“Autorickshaws are crucial as they help reduce pollution, and also provide point-to-point transport. With small modifications like introduction of compressed natural gas, it is possible to reduce pollution and promote autorickshaws,” said Solomon Benjamin, professor of humanities and social sciences at IIT-Madras.

Madhu Sivaraman, director (projects), Centre for Public Policy Research, said some cab companies had conducted a survey and found most people prefer to travel short distances in call taxis. “Cab companies capitalised on this information and started to offer discounts for the first four km to capture business,” he said.

He added that the government should liberalise permit conditions for autorickshaws, or they would be wiped out in the competition. “They can also be permitted to travel long distances like the call taxis,” he said.

Autos at public places under scanner

Officials said there had been an increase in the number of autorickshaws seized in front of railway stations for overcharging — Photo: M. Srinath
The Hindu

In an effort to curb fleecing of customers, the transport department has instructed its officials to crack down on autorickshaws outside malls, theatres and railway stations.

Senior officials said they have been asked to shift the focus of their crackdown from arterial roads to such locations where people gather in large numbers.

Officials said there had been an increase in the number of autorickshaws seized in front of railway stations for overcharging in the last few days. “A large number of autorickshaw drivers operate without permits at the stations, bus termini, shopping malls and big hospitals,” an official said.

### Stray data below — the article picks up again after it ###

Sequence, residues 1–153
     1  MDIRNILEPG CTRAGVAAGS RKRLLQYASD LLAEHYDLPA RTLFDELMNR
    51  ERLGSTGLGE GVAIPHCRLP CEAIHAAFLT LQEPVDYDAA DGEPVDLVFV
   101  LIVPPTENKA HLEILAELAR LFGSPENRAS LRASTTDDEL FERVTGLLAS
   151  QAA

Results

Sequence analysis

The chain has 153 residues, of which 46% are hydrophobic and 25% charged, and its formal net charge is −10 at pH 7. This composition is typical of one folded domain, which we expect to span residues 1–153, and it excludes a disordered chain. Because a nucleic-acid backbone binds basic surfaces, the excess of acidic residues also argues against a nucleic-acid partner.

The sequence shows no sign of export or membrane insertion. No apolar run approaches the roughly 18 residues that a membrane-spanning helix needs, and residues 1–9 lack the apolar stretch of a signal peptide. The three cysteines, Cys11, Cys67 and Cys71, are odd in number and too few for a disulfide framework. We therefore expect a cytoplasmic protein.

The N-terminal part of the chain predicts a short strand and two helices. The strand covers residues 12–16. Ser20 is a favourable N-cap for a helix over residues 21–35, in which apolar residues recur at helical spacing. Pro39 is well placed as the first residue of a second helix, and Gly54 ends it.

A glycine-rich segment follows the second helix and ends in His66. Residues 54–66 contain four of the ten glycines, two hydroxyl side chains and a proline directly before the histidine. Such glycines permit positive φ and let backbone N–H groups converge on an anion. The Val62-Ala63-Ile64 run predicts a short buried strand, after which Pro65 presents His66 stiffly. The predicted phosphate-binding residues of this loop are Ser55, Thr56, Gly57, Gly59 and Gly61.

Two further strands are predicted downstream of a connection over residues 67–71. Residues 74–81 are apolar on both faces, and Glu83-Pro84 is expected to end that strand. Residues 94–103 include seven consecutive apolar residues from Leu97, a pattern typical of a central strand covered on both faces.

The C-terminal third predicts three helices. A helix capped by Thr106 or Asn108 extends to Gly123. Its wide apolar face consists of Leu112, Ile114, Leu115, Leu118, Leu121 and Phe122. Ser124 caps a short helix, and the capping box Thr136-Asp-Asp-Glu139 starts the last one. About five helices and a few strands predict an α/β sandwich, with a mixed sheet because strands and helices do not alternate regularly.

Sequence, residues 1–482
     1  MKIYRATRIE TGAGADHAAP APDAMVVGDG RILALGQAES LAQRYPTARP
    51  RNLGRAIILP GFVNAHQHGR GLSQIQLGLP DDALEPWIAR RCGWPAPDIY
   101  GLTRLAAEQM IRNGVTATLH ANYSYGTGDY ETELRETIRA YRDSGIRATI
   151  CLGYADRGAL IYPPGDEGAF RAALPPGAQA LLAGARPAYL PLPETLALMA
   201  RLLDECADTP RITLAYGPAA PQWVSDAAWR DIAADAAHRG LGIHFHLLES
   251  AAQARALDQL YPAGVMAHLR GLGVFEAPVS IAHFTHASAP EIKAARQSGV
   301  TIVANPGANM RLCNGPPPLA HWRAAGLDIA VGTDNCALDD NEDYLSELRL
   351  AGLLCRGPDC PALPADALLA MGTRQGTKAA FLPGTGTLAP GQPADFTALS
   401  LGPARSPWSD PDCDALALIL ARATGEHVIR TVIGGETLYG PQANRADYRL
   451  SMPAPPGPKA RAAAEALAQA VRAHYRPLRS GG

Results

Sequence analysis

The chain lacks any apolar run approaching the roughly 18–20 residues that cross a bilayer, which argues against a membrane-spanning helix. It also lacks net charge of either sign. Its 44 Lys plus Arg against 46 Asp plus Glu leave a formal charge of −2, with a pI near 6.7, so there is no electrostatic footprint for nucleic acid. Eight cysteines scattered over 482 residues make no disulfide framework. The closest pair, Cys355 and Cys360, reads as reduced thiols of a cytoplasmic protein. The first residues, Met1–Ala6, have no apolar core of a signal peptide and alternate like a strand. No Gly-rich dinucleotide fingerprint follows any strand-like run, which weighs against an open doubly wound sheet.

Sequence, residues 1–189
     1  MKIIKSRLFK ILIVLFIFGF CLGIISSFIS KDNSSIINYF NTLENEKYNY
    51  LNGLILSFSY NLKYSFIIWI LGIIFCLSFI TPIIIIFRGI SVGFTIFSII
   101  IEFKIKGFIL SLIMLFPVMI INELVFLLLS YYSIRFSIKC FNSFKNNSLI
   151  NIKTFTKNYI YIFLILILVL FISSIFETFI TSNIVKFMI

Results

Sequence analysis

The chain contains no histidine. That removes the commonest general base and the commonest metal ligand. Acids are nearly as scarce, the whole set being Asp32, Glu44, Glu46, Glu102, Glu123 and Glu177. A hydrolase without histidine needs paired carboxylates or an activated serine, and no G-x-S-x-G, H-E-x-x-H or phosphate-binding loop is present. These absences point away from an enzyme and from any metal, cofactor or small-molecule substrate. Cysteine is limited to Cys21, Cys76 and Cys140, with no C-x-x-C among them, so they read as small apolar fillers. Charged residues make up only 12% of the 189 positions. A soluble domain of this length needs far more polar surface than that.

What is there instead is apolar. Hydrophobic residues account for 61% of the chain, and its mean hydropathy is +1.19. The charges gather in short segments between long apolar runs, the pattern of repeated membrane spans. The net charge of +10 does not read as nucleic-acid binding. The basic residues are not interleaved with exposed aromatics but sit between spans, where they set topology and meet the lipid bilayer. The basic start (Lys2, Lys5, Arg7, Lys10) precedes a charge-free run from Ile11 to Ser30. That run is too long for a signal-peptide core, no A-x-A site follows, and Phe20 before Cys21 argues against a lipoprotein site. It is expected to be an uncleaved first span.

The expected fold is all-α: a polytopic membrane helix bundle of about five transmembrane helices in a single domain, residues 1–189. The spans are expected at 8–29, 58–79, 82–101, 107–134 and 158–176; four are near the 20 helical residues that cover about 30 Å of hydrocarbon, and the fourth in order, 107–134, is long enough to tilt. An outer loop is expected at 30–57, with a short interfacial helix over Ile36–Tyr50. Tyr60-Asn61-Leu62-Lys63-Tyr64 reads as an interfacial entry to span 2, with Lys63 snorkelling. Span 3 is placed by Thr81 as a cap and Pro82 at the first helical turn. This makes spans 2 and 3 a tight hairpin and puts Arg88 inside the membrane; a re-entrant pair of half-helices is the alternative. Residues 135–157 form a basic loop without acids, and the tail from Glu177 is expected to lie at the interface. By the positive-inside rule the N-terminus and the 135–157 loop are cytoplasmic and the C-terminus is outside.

Meanwhile, the traffic police’s autorickshaw helpline has received over 2,000 complaints in the past six months about drivers charging exorbitant fares and refusing to make trips to certain areas. Over 4,000 cases against autorickshaws were registered by the traffic police in the last couple of months alone.

The majority of complaints were registered from south and east Chennai.

“Most autorickshaw drivers now refuse to ply when we ask them to turn on the meters. Some of them demand Rs. 20 over the meter fare, while some blatantly ask for excess fare,” said V. Bharath, who works in a company in T. Nagar.

Transport department officials said there were not many complaints from north Chennai as residents there mainly depend on share autorickshaws. “The APE autorickshaws are a hit among fish vendors. Hence, most of them do not use autorickshaws,” said an official.

Madhu Sivaraman, director (projects), Centre for Public Policy Research, whose team conducted a study on autorickshaws in the city, said the presence of malls was one of the reasons for autorickshaw drivers charging excess fare in south Chennai.

“There are also a large number of IT companies in those areas. The drivers charge exorbitantly in places like Mylapore, Adyar and Royapettah as there are not many share autorickshaws,” he said.


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Madhu S
Madhu S
Madhu Sivaraman is a Research Scholar at CPPR.